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November 27, 1943 - Image 4

Resource type:
Text
Publication:
The Michigan Daily, 1943-11-27

Disclaimer: Computer generated plain text may have errors. Read more about this.

PAGE F$

THE MICHIGAN DAILY

SAT tTU'AT. 'NtIV- 27-1I16

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SOCIETY DISCUSSED:
Three Leading Sociologists
Speak Before AlluDaySession

Three of the state's leading sociol-
ogists were featured at an all-day
session of the Michigan Sociological
Society yesterday in the Rackham
Building.
Vernon Fox, psychologist at Jack-
son prison, was first speaker, ad-
dressing the group on juvenile insti-
tutionalizationon the adjustmentrof
prison inmates. He reported that re-
sentment and a general anti-social
attitude is prevelant among inmates
having reformatory experience.
As a result of the tests which Mr.
Fox has conducted in Jackson pri-
son, he hopes that differentiation be-
tween the "improvables" and "non-
improvables" will be made easier. In
this way more time can be spent on
those inmates who can be helped to
return to society as normal indi-
viduals.
The second speaker of the session
was Dr. Edward J. Humphreys, psy-
chiatrist at Michigan State Home
Training School in Coldwater. Giv-
ing a comprehensive report on the
sub-average groups in society, Dr.
Humphreys emphasized that those
groups must enter into post-war
planning. He suggested that their
use 'in farm centers, conservation
and labor centers was possible and
necessary in the future. "Instead of
penalizing these individuals for per-
sonal, intellectual and social achieve-
ments, why not award and reward

them i or family achievements?" Dr.
Humphreys said.
Dr. Amos Hawley, instructor of
sociolog y at the University, was third
on the program, presenting a paper
on "Ec aology and Human Ecology.'
Dr. Hawley said that ecology was the
"study r.f forms and development of
the cor i nunity." He stated that em-
phasis sltiould be placed on commun-
ity man as a cooperative part of a
whole ra ther than on the conflicting,
competiti ve individual.
* * *
Plan for Education,
Need ed, Expert Says
"A plan i ed educational and recre-
ational lif'ke is needed in the Upper
Peninsula to offset the many social
problems fround there," Dr. Albert H.
Burrows, etxpert on social conditions
in northers t Michigan, said in a talk
yesterday in the Rackham Building.
"Unlike most other communities,
Upper Mich igan has not felt a war
boom. The population is falling as
manpower i s drawn to the cities. On
the other hand the mining and lum-
ber industri E's are losing importance
due to lack of resources with the re-
sulting probLem of unemployed min-
ers and lumberjacks," he said.
"The isolation of these groups, pov-
erty, lack of Education and other so-
cial and economic problems all pre-
sent the need, for economic rehabili-
tation and oaducational opportuni-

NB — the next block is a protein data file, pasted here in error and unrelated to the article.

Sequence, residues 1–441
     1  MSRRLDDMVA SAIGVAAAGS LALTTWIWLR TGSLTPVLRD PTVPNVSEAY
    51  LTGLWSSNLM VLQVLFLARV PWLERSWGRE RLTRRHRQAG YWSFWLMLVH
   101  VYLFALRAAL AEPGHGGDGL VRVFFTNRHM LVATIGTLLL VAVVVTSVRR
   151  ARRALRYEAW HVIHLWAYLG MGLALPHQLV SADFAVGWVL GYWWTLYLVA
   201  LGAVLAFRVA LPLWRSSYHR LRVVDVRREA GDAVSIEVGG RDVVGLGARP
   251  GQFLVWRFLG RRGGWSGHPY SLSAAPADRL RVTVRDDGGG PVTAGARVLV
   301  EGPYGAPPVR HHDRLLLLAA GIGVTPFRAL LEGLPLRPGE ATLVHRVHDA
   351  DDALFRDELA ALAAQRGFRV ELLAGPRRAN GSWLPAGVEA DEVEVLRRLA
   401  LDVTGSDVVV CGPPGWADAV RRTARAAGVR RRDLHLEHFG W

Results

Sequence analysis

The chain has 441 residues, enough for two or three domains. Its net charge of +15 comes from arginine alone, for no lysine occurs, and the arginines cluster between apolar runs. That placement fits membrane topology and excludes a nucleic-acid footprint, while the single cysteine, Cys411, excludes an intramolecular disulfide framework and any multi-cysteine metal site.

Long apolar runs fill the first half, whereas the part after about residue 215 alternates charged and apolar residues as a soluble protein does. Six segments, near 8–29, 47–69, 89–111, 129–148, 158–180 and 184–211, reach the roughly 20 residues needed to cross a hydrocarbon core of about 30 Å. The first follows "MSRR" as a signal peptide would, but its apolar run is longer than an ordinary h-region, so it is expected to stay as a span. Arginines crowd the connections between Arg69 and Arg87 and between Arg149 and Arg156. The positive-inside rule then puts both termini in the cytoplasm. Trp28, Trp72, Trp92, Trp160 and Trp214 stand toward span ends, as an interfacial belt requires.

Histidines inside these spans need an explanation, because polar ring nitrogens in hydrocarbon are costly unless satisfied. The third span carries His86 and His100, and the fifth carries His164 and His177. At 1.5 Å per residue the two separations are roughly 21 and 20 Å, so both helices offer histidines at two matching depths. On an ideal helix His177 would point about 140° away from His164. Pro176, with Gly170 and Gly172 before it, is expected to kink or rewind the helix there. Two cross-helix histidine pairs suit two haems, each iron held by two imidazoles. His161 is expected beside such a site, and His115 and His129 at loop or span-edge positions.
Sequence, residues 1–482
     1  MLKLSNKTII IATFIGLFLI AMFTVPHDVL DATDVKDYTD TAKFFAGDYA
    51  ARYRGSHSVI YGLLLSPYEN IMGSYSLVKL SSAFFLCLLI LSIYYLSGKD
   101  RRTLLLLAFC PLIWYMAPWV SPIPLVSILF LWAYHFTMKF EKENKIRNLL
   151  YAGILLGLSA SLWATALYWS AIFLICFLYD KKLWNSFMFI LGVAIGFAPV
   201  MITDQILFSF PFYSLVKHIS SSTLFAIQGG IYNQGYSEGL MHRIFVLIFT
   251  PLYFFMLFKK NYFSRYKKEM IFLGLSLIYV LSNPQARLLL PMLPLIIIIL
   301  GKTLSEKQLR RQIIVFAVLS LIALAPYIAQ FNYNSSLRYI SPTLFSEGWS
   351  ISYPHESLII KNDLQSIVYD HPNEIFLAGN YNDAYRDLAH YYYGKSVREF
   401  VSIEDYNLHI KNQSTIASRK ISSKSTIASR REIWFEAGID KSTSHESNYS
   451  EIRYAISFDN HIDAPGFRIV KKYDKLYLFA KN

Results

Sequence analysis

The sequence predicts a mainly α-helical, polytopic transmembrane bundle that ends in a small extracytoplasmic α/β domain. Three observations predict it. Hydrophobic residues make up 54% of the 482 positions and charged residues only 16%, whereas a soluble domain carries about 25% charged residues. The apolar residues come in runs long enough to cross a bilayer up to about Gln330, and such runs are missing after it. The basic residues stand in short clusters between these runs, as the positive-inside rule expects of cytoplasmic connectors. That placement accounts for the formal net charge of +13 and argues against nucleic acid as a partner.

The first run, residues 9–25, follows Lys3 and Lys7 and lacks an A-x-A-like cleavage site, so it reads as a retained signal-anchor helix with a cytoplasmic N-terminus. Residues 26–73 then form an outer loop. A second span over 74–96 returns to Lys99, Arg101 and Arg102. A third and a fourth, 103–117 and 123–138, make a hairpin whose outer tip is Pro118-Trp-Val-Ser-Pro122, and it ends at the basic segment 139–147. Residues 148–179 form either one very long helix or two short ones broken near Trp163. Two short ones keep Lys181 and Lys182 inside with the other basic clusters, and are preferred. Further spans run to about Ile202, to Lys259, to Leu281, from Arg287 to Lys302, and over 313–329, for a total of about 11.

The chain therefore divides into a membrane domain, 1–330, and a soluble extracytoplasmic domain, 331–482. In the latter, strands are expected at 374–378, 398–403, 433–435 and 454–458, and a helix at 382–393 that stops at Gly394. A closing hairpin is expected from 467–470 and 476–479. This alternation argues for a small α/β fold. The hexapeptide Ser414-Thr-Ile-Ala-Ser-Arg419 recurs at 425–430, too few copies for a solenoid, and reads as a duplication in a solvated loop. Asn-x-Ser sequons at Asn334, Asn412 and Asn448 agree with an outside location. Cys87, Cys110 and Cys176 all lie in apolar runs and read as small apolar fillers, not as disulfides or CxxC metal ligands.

ties," Dr. Burrows concluded.

Young Guerrilla Wounded in Yugoslavia
1&
9 s
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5 {
Neda Marusic, 9, who was wounded while carrying ammunition
for Yugoslav guerrillas, is attended by Italian doctors and nurses in
the operating room of an Italian Red Cross hospital after he was taken
from Yugoslavia to Italy with other wounded patriots who escaped
from islands across the Adriatic along the Dalmatian coast.

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Men's Glee Club
Planes Program

Highlights
On Campus.. .

Conference on
Recreation To
Be Held Friday
Youth Demands, Post-
War Program, Topics
Of All-Day Discussion
Dr. Stephen Fritchman, editor of
"The Christian Register" and execu-
tive secretary of the Unitarian Youth
Commission, will be one of the prin-
cipal speakers at an all-day con-
ference on "Recreation" to be held
Friday in the Rackham amphitheatre
and in the Charles McKenny Hall,
Ypsilanti.
'Youth Demands' Is Topic
His talk, scheduled to begin at 8
pm., will be concerned with "Youth
Demands." Also on the program will
be Dr. Eduard C. Lindeman of the
New York School of Social Work who
will discuss "America's Post-War
Choices."
The conference, which is sponsored
by the Willow Run Community Coun-
cil, will be divided into afternoon and
evening sessions.
Specialists To Meet
Workers in health, education, reli-
gion, housing, labor, community or-
ganization, and repreation will con-
vene for the afternoon institute. Dr.
Lindeman will speak then on "Recre-
ation's Potentialities in the Willow
Run Area." Also included on the af-
ternoon program will be Spencer
Gordon, executive secretary of the
Willow Run Community, who will
* discuss "A Series of Institutes for
Professional Workers."
Hans J. Schmidt, director of the
Willow Run Area Recreation Project
will speak on "How Recreation Is
Being Used in the Willow Run Area."
1 Discussions of Dr. Lindeman's and
Schmidt's presentations will be led
by the Rev. Redman of the Unitarian